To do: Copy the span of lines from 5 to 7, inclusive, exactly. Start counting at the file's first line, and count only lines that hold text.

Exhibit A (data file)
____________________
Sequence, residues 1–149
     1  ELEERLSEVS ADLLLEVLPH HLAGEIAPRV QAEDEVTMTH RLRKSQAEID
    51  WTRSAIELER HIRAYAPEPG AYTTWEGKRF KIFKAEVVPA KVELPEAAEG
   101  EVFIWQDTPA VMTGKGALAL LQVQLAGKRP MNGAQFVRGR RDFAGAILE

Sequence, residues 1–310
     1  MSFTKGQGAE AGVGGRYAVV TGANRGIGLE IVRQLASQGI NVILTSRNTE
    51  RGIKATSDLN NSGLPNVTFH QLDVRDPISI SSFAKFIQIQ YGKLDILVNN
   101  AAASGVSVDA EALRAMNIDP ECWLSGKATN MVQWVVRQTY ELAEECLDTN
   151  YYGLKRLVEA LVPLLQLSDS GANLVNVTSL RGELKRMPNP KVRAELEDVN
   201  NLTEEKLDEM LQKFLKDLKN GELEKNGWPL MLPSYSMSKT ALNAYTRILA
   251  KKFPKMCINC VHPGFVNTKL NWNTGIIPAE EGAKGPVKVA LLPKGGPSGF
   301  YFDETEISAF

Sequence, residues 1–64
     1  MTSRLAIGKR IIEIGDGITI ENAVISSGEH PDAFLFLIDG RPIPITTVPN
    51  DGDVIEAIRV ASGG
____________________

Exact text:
Sequence, residues 1–310
     1  MSFTKGQGAE AGVGGRYAVV TGANRGIGLE IVRQLASQGI NVILTSRNTE
    51  RGIKATSDLN NSGLPNVTFH QLDVRDPISI SSFAKFIQIQ YGKLDILVNN